Wordsmith, Teacher & Advocate
Every day, month and year, professionals and experts are getting closer to working out the whys of Autism.
Autism Spectrum Australia (Aspect) has revised its autism prevalence rates from 1 in 100 to an estimated 1 in 70 people in Australia on the autism spectrum. That is an estimated 40% increase or around 353,880 people. According to Aspect CEO, Adrian Ford, the new number reflects recent changes in diagnostic criteria and new national and international research.
But one of the biggest misconceptions is that once you have a diagnosis, you are set with a plan, a how-to and a ‘do this’ now. This is not the case.
You need to become the Planet Spectrum expert when it comes to your little individual.
That’s another reason I wrote Welcome to Planet Spectrum-there was nothing like this available to me at the time. I needed a resource!
First things’ first- Get Educated. As you go along, you will start to establish a bank of information. Build Your Planet Resources; collect the information and literally put it in one place so you can refer back to it.
You can do this, and you will one step at a time. It’s ok if you don’t know what to do, neither did I! But you can and will. Taking those little steps and learning each small thing about your child is like accumulating clues and tools for the box that you can draw from.
As you are building your resources, you will be recording, writing and creating a reference point.
This also helps to alleviate feeling overwhelmed with too much information. Getting things out of your head and onto paper is an age-old practice in self-preservation and usefulness.
You can also use this info to share with your support people. Who are they you ask? Whether you like it or not, you are going to need support-people. They might be parents, grandparents, relatives, friends, professionals, but you need them. This is a community Planet, not a one-man show. Involving loved ones and the folks around you is really important, it can sometimes be hard, I for one never really have been one to ask for help. Ms Independent. Otherwise known as, AKA ‘no I don’t need help, I’ve got this.’ But I promise you it’s not the best road to go alone. Bring in your support, look around, reach out a hand or start a conversation.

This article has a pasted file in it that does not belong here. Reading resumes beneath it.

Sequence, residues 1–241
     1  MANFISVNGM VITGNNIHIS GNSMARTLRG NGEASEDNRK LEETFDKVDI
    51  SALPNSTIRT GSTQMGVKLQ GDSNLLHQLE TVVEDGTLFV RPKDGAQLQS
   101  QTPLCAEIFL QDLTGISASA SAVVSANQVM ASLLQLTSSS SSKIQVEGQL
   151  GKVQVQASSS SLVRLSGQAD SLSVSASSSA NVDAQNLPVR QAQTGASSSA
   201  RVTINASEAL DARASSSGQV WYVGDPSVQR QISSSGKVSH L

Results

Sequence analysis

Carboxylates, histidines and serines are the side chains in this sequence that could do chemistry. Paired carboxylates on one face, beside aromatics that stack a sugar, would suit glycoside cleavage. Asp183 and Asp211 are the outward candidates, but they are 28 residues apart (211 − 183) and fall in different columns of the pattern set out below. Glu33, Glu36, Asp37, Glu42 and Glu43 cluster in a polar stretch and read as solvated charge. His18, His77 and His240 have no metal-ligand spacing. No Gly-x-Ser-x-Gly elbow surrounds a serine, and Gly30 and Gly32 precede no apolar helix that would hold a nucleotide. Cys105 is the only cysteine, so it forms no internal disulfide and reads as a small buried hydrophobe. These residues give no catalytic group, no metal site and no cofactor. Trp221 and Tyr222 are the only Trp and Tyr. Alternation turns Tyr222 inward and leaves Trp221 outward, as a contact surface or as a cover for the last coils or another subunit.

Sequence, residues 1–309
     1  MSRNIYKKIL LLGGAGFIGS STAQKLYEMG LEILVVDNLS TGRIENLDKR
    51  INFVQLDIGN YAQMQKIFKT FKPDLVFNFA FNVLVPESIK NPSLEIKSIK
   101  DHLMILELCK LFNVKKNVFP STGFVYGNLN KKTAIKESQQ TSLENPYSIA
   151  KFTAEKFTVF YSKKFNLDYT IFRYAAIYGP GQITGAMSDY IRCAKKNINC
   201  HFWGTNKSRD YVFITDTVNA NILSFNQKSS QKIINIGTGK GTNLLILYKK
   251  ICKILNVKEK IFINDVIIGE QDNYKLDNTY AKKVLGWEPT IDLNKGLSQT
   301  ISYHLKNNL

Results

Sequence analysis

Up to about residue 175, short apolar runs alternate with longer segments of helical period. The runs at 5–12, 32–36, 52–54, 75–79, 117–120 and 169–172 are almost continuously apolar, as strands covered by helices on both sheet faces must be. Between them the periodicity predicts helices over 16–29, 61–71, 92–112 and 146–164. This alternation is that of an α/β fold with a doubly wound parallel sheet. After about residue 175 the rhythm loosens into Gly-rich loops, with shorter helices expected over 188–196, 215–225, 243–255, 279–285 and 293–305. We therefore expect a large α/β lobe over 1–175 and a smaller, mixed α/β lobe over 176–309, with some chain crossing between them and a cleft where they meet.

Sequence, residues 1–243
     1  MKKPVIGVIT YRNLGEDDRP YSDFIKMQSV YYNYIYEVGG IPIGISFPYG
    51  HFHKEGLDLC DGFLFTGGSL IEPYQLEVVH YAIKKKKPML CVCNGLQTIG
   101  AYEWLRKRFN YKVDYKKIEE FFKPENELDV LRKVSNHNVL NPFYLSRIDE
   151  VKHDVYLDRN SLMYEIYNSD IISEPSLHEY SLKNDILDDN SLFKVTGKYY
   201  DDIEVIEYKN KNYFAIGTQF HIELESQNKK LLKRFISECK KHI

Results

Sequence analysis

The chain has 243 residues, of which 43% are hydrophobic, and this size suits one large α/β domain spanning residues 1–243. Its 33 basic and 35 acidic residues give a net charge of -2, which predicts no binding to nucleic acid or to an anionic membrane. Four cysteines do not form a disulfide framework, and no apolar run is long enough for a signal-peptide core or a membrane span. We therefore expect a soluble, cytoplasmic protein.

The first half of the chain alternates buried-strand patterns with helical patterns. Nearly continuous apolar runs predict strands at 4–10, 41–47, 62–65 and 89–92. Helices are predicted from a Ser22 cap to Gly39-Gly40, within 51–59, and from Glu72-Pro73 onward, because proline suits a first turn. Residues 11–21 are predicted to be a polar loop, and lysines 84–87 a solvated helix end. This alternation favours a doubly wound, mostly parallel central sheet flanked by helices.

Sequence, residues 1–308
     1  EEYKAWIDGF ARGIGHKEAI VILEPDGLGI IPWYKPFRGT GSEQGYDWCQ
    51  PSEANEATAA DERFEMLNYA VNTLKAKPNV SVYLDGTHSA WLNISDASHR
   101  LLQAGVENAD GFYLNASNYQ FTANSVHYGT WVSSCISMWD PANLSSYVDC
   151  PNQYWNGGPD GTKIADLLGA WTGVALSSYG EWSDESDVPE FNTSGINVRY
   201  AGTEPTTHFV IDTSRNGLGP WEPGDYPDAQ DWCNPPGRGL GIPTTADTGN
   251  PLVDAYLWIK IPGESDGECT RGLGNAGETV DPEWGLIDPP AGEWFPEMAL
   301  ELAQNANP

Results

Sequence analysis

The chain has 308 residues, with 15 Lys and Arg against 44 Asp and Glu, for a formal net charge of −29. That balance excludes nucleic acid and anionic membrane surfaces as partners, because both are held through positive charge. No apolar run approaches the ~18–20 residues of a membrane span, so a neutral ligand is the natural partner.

Explain to your support people that Autism is a part of your life now and therefore, it has become part of theirs. Quite often loved ones are at a loss as to how to help, what to say, what to do, and how to support you. Start keeping them informed, start that conversation with something like ‘we are trying to find a way through this new information, and it’s making us feel like____________. I appreciate you taking the time to listen.’
Keeping your support people informed and in the loop assists everyone.
Some folks in your life might already do this. Some won’t be, simply because they might not know HOW TO. But the fact is you are standing on Planet Spectrum, so chances are you will come across the most useful and educational point first- so SHARE THEM! If it’s useful and helpful for you and anyone that looks after your child, it’s worth sharing.
Start looking locally for workshops, sessions and insights you can attend about Autism. There are conferences and events in most states, webinars online etc. You need to start educating yourself by networking with others who are sharing Planet Spectrum with you. This book is a great start. I wasn’t a big ‘joiner’, and you might not be either, and that’s ok, but education is everything with Planet Spectrum, and you will collect a treasure trove of useful ideas and tips doing it.
Source a support group. Facebook was an excellent resource for me finding other parents to talk to, laugh with and feel with.
Connecting with other people in similar situations from the comfort of your own home and space can be really positive if used in a positive way. Useful tips, common ground and empathy can often be a great comfort and reduce the feelings of isolation. Make sure it’s a positive environment; you don’t want to be hanging out in-person or online with negative people. Negativity is like the flu and can be very contagious. At the beginning of this journey, you can be quite vulnerable, so steer clear of negative environments.